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Band of Stability

 

 

Stable nuclides, if plotted on a graph of number of protons vs. number of neutrons, would all fall in an area enclosed by two curved lines known as the band of stability. The band of stability also includes radionuclides because smooth lines cannot be drawn to exclude them. The band of stability also stops at element 83 because there are no known stable isotopes above it. Elements lying outside the band of stability would be too unstable to justify the time and money for an attempt to make it. Another thing that is noticed about the band of stability is that as the number of protons increases, the ratio of neutrons to protons increases. This is because more neutrons are needed to compensate for the increasing proton-proton repulsions. Isotopes occurring above and to the left of the band tend to be beta emitters because they want to lose a neutron and gain a proton. Those lying below and to the right of the band tend to be positron emitters because they want to lose a proton and gain a neutron. Isotopes above element 83 tend to be alpha emitters because they have too many nucleons.

The Odd-Even Rule

In the odd-even rule, when the numbers of neutrons and protons in the nucleus are both even numbers, the isotopes tends to be far more stable than when they are both odd. Out of all the 264 stable isotopes, only 5 have both odd numbers of both, whereas 157 have even numbers of both, and the rest have a mixed number.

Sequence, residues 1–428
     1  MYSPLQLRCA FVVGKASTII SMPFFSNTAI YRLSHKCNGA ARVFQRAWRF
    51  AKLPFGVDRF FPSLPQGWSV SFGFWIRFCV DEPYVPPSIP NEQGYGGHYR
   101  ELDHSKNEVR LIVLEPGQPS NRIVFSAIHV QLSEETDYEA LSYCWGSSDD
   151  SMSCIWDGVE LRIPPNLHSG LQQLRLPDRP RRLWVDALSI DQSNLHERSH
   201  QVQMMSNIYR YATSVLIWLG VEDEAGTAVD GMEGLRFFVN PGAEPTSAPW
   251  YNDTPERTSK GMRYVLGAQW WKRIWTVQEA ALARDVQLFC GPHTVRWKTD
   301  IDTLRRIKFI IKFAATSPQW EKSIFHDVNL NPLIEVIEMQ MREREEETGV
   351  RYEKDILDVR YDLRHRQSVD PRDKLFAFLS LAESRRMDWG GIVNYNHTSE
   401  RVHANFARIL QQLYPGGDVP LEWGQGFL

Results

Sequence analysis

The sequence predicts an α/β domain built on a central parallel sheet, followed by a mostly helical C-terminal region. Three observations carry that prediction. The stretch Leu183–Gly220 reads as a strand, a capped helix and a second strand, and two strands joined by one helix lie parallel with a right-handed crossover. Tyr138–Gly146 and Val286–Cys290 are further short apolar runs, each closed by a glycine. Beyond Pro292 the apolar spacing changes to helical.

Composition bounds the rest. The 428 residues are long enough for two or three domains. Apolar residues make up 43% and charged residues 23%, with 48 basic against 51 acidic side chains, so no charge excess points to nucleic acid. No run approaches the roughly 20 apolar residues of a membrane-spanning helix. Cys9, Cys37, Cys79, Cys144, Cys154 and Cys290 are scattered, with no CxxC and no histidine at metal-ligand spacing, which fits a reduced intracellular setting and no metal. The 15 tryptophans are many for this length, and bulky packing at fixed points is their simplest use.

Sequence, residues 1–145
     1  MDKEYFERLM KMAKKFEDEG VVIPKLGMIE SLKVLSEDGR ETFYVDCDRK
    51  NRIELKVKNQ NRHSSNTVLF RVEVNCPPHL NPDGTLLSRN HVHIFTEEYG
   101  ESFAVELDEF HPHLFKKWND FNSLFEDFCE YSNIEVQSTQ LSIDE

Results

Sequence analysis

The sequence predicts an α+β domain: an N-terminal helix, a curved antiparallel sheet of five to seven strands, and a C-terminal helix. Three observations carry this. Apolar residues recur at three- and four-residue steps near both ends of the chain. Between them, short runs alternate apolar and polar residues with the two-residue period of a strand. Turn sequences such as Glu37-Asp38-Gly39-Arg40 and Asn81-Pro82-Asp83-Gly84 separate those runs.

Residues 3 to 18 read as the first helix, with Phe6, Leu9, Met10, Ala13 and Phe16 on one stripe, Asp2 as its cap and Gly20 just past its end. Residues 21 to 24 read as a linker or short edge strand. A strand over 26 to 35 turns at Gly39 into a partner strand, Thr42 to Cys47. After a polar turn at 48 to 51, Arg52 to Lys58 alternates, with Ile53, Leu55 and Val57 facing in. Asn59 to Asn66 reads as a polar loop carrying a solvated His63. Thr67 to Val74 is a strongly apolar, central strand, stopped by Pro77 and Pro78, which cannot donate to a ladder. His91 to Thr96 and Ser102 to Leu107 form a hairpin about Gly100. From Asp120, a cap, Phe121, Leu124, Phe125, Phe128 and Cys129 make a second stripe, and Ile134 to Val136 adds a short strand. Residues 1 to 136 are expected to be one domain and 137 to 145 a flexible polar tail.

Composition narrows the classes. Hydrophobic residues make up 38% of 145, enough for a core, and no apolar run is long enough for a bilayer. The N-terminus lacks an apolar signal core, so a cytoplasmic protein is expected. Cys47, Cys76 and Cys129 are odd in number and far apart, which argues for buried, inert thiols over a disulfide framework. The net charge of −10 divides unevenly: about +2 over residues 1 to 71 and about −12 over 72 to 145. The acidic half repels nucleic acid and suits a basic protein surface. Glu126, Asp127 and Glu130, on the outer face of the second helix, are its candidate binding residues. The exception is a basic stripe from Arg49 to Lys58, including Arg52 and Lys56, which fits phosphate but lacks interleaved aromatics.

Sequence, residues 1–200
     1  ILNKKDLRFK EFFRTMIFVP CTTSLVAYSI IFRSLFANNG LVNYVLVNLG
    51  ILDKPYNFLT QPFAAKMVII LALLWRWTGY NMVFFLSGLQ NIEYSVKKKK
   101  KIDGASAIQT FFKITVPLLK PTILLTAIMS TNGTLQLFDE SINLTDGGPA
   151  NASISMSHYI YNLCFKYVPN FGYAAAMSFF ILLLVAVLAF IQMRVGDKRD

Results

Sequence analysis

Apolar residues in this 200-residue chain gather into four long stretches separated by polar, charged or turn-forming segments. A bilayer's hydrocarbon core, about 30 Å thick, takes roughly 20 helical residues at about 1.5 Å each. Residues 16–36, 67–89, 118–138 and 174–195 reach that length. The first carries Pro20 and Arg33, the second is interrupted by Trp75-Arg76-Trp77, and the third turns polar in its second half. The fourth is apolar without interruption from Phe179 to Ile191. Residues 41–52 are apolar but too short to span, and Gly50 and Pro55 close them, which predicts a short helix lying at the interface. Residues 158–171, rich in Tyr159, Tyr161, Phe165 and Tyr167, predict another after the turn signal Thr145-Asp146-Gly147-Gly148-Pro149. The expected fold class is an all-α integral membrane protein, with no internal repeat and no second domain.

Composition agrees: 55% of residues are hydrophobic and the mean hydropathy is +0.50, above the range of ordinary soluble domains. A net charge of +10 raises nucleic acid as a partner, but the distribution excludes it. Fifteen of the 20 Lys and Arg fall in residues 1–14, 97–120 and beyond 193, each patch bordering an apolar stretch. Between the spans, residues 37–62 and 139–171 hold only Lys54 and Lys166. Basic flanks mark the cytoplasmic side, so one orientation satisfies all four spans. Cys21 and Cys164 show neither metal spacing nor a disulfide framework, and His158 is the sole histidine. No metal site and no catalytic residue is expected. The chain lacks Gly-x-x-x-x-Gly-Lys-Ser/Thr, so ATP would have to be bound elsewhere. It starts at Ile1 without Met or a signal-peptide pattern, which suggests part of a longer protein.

This has to do with the spins of nucleons. Both protons and neutrons spin. When two protons or neutrons have paired spins (opposite spins), their combined energy is less than when they are unpaired.

table.JPG

 

The Magic Numbers

Another rule of nuclear stability is that isotopes with certain numbers of protons or neutrons tend to be more stable then the rest. These certain numbers are called the magic numbers, and they are, for reasons to detailed to explain here, 2, 8, 20, 28, 50, 82, and 126. When a nucleus has a number of protons and neutrons that are the same magic number, it is very stable. For example: 42He, 168O, and 4020Ca. One stable isotope of lead, 20882Pb, has 82 protons and 126 neutrons.

The magic numbers:

proton: 2, 8, 20, 28, 50, 82, 114

neutron: 2, 8, 20, 28, 50, 82, 126, 184

 

from-http://library.thinkquest.org/3659/nucreact/stability.html

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